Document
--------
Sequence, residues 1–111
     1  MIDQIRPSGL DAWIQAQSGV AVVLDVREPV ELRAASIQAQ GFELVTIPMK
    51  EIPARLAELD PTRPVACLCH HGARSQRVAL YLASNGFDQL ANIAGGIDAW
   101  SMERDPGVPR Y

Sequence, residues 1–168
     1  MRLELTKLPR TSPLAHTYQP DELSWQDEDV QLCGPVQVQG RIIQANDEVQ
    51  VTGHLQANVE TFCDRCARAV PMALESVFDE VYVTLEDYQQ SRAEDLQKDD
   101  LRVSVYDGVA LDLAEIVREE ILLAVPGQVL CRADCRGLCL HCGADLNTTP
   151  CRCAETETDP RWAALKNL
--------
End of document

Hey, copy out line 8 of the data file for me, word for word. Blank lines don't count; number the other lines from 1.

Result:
   101  LRVSVYDGVA LDLAEIVREE ILLAVPGQVL CRADCRGLCL HCGADLNTTP